With our experience at St. Augustine Foot and Ankle and Longevity Physical Therapy we will do everything we can to help with your ankle injury and get you back to your regular activity. If you suspect you have an ankle injury, require ankle physical therapy, or are feeling pain in your ankle or foot of any kind please give us a call to set an appointment as soon as possible at (904) 824-0869 or feel  free to email us at info@staugustinefoot.com

Diabetic Foot Care

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A specific diabetic foot care regiment is key to managing your diabetes.

Tips for Diabetic Foot Care

Thomas A. LeBeau

St. Augustine Foot and Ankle

 Diabetes will spell bad news for your feet if you are not aware of the issues that can be caused or how to recognize them. A specific diabetic foot care regiment is key to managing your diabetes. Diabetes can reduce the circulation in your feet, depriving your feet of oxygen and nutrients. As a result blisters, sores, and cuts will take longer to heal or may not heal at all. Nerve damage caused by diabetes called peripheral neuropathy can be the source of numbness in your feet. When you are unable to feel cuts and blisters they are more likely to become infected and become sores. When you are unable to feel those sores and they go untreated the sores can become deeply infected, and lead to amputation.

Diabetic peripheral neuropathy can also cause sharp pain in your feet. You may become excruciatingly sensitive to the lightest touch, like the sheets on your bed. Standing and walking may become completely unbearable. Fortunately, a little TLC goes a long way in preventing foot problems from diabetes.

Here are a few tips that can help:

1)      Check both feet daily

2)      Wash with warm water (not hot)

3)      Wear properly fitting shoes

4)      Avoid walking barefoot

5)      Be aware of sensation in your feet (or lack of it)

6)      Do low or non-impact exercise

7)      Fix structural issues like bunions, corns, and hammertoes

8)      Get fitted for and use a custom orthotic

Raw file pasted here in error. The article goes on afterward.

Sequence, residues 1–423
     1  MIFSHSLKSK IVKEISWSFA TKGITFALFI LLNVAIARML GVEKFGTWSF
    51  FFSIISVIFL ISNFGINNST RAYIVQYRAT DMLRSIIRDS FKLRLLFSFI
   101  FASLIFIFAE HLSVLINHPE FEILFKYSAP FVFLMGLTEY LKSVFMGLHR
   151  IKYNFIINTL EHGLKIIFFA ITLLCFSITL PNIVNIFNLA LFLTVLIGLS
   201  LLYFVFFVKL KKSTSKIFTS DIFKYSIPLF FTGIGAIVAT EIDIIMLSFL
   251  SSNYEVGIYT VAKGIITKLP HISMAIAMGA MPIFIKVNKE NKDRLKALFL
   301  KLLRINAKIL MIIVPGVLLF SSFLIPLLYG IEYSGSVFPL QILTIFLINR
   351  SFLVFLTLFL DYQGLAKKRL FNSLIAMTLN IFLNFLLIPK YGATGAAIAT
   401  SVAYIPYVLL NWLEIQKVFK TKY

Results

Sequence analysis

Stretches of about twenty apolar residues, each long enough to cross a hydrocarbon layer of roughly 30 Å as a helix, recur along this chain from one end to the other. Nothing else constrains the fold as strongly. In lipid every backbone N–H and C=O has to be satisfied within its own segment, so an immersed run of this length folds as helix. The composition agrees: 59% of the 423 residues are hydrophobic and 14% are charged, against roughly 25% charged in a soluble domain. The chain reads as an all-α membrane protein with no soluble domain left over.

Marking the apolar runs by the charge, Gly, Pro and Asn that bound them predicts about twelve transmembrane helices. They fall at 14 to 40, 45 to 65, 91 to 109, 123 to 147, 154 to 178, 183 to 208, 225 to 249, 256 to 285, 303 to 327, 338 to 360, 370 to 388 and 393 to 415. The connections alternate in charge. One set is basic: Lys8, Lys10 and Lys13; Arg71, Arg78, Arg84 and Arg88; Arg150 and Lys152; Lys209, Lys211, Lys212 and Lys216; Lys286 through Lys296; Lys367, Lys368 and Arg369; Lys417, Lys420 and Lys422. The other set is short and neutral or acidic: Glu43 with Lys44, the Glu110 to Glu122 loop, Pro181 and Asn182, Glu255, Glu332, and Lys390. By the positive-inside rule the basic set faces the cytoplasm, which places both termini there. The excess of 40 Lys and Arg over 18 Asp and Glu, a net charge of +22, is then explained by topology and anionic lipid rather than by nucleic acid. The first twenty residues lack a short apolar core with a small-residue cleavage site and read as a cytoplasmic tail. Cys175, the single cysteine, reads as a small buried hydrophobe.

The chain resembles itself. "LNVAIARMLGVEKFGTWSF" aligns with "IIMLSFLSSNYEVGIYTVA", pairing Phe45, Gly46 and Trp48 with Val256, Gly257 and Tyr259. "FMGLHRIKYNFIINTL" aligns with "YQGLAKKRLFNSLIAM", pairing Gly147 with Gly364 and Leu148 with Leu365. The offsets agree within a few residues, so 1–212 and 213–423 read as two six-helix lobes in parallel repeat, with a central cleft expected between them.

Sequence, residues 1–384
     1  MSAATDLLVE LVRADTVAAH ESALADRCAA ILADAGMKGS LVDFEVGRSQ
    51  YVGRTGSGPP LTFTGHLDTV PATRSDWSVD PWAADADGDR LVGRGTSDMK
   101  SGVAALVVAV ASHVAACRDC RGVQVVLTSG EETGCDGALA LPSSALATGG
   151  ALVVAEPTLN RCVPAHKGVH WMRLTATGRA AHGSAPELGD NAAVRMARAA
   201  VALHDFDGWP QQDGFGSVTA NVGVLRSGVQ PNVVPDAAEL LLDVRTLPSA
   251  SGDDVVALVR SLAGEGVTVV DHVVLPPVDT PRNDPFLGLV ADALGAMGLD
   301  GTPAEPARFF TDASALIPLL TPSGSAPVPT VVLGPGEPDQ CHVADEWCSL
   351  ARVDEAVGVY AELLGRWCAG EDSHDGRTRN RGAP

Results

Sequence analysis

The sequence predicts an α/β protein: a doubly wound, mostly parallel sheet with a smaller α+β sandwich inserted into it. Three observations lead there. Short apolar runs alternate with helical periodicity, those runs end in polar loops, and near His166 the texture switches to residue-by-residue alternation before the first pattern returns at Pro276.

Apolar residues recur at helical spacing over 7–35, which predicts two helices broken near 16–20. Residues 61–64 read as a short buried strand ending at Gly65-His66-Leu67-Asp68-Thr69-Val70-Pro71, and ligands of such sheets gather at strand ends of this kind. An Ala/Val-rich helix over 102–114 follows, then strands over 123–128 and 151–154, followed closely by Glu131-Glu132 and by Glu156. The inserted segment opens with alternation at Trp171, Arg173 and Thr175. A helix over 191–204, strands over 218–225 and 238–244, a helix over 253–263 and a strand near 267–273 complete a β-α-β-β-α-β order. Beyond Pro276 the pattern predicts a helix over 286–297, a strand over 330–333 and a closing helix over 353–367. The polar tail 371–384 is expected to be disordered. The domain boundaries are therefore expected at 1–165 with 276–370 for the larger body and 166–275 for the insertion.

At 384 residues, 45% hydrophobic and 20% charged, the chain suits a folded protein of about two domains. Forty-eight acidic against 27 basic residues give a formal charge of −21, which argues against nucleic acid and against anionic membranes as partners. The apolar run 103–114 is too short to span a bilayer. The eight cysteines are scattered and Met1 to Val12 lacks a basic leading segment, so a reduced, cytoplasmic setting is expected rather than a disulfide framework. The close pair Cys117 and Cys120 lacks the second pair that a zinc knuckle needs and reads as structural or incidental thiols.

9)      Control your blood sugar

If you notice a change in the sensation in your feet (particularly numbness), have any unexplained pain, or structural issues like bunions, corns, or hammertoes get to a podiatrist as soon as possible. Diabetic foot care is paramount to anyone suffering from diabetes. The sooner you begin monitoring your feet and get on a diabetic foot care regiment the better and more likely it will be to avoid serious complications.

With our experience at St. Augustine Foot and Ankle we will do everything we can to help you with your diabetic foot care and keep your feet healthy and functioning. If you are a diabetic please  give us a call to set an appointment as soon as possible at (904) 824-0869 or feel free to email us at info@staugustinefoot.com

 

Diabetes: Check Your Feet!

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Diabetes: Check Your Feet!

Diabetes: Check Your Feet!

Thomas A. LeBeau

St. Augustine Foot and Ankle

When you have diabetes, you need to examine your feet every day. Be sure to look at all areas of your feet, including your toes. It may be helpful to use a handheld mirror or a magnifying mirror attached to the bathroom wall near the baseboard to inspect your feet. If you can’t see well, have someone else use this Diabetes Foot Checklist to examine your feet for you. Using this Diabetes Foot Checklist helps you remember to examine all areas of your feet.